For instance, I had the opportunity this past weekend to visit Dubai, in the United Arab Emirates. Dubai has been on my bucket list of places to visit since they unveiled the Burj Khalifa and also because of two other influence. Click to read on –
Let me start first by qualifying myself to even make the following comments. I am a US Army Veteran, I served honorably in combat, and my honorable discharge reflects that. I carry a VA service connected disability rating of 20% (getting blown up and shot at a lot will do that to a guy – it’s mostly hearing related), and I am one of the many helicopter pilots currently working in the industry that earned not only my ratings as a pilot – but my degree – through the Post 9/11 GI Bill. On March 15th LA Times reporter Alan Zarembo published an article that sparked an online wildfire of judgments against Helicopter flight schools, vets, the VA, and what was mischaracterized as a “loophole” in the VA program – The Post 9/11 GI Bill. In the weeks, and months that have followed two schools have seen new enrollments stopped (albeit one was voluntarily), and now Congress is talking about pulling flight funding for the GI Bill, and all because one article, poorly researched, led people down a path of misinformation. With all due respect to Alan Zarembo and the LA Times, you’re messing with the wrong group – and your reporting on this issue was half-baked at best – though I appreciate you bringing light to the issue and hope that your reporting will help us solve this problem, I feel as though you set your sights on the wrong “big picture”. Allow me to not only fill in some holes for you, but also give you the solution to the problem. Vets represent some of the most capable and intelligent members of American society – this is a well known fact – we not only saw the problem coming, we know exactly how to solve it.
Last year I tried to keep summaries for each day of HeliExpo and post them up here, that would end up proving to be a really tough task. It was my first HeliExpo and I made the naive mistake of thinking that I would have anything that resembled free time during the week. My days started before 7am at press breakfasts and meetings and then spilled over into the convention hall floor for interviews, booth announcements, and photography. The action of the day would only melt away and intensify into the after parties, banquet halls full of catered food (often the same menu) and open bars. I can’t recall a day that ended before 3am THE NEXT DAY.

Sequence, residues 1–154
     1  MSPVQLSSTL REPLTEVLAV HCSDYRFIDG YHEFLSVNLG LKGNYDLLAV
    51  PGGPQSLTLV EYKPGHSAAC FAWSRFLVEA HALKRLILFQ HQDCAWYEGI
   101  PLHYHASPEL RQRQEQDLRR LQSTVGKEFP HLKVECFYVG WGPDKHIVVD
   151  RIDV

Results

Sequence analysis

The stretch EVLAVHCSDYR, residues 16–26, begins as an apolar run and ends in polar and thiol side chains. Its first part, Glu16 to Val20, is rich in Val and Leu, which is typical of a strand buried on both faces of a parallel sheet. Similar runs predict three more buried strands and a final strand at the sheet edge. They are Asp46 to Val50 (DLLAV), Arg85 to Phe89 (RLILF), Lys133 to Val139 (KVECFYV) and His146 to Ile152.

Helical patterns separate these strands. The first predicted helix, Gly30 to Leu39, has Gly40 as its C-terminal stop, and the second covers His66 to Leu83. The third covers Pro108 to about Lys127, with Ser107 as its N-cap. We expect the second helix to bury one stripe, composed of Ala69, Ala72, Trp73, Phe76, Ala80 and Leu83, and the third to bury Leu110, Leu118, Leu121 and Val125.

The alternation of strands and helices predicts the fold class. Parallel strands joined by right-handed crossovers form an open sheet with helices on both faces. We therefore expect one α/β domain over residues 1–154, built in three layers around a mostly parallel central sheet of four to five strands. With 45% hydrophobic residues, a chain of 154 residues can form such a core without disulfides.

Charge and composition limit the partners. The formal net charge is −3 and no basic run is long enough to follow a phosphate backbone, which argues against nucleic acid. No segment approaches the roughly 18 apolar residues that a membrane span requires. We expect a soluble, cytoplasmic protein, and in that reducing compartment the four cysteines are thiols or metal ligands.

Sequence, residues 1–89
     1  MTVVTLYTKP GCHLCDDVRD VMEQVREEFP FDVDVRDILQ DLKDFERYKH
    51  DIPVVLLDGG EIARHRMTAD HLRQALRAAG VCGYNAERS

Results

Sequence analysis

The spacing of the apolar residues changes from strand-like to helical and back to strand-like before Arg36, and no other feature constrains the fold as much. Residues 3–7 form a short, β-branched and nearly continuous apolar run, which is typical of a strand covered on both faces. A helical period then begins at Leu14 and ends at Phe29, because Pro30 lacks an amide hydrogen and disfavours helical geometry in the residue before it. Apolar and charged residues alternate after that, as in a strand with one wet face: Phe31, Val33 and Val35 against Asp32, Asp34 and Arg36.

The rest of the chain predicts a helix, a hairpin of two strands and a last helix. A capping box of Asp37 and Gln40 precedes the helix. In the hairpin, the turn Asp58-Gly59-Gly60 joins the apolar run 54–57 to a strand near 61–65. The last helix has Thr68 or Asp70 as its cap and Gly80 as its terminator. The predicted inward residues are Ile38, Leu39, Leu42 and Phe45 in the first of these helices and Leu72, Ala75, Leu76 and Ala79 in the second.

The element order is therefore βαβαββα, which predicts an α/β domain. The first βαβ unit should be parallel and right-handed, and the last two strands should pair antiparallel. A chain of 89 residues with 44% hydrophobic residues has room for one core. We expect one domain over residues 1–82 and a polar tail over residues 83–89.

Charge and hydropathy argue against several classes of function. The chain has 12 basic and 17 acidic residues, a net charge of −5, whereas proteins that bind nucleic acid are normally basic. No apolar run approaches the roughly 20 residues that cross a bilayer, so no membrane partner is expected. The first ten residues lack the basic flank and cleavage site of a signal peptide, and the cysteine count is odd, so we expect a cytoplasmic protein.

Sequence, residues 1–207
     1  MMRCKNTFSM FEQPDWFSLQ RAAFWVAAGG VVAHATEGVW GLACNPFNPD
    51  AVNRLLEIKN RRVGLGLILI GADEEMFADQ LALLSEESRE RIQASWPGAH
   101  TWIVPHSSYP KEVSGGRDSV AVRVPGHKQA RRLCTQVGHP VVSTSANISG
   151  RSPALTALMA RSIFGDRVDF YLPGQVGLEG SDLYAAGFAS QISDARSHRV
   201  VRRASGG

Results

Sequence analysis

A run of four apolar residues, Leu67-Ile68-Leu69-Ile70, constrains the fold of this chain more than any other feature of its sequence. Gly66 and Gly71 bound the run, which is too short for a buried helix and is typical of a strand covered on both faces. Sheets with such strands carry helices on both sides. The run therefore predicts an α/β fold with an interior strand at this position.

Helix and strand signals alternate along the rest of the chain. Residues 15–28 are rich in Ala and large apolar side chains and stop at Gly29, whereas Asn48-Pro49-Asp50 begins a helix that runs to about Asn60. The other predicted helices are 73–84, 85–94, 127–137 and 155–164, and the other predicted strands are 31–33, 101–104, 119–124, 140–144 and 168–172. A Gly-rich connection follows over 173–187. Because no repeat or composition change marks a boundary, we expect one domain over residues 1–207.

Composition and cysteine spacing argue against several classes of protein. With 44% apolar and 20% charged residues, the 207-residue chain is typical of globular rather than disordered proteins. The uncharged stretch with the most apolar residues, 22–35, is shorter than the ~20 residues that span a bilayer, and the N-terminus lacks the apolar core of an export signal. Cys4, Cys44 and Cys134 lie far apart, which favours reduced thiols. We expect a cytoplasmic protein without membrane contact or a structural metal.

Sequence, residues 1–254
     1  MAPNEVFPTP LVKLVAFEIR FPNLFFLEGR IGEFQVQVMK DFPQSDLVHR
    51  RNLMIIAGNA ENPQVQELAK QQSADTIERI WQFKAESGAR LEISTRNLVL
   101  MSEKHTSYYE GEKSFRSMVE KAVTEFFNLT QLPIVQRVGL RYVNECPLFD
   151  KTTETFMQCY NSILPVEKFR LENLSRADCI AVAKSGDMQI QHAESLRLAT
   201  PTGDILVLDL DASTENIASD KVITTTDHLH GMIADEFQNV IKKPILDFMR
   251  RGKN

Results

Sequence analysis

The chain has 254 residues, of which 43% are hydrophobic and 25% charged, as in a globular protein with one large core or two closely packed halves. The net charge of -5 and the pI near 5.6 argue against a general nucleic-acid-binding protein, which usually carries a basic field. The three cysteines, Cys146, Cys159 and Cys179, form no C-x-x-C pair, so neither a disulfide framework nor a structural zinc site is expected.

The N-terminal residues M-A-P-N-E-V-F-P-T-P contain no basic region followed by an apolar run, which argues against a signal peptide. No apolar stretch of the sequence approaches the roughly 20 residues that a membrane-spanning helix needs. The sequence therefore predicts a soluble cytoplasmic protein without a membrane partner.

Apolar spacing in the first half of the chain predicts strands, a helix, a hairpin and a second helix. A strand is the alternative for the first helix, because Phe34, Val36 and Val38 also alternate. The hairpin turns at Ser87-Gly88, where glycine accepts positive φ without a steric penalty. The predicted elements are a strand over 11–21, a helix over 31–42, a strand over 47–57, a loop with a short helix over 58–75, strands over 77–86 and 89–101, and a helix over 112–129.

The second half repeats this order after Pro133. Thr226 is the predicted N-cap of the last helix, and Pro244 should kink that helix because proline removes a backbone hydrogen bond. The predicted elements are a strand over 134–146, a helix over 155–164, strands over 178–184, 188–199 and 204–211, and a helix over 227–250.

Continue reading “HAI’s HELI-EXPO 2015 (part 1)”
We went out scouting some cool sites to land and camp, a few weeks ago. One particular area had some tall grass in it so I had to take a picture.
Wow it has been way too long since I’ve been roaming or since I posted here. I’ll be honest with you, there wasn’t much roaming going on the last few months. My routine was pretty set. I’m currently working full time as a CFII with Inland Helicopters and teaching at a college. So more or less…every day was classroom stuff. We had some really cool flights during that time, but it didn’t make it here. So I’m totally sorry about that!
HELI-EXPO 2014 has come and gone and I’ve promised a post on my time down there for the last week and a half. So here it is. I’m going to start by saying that HELI-EXPO was by far the best experience of my career! I can’t think of a better venue for anyone in our industry to be at every year in a row. And I plan on going back. After putting at a “half joking, half dead serious” status on my facebook account asking if someone wanted to sponsor me for the expo, I not only got in. I got in as an exhibitor with press access.
Want the scoop? Also – want a huge gallery of pictures from HELI-EXPO? Click the link and follow through.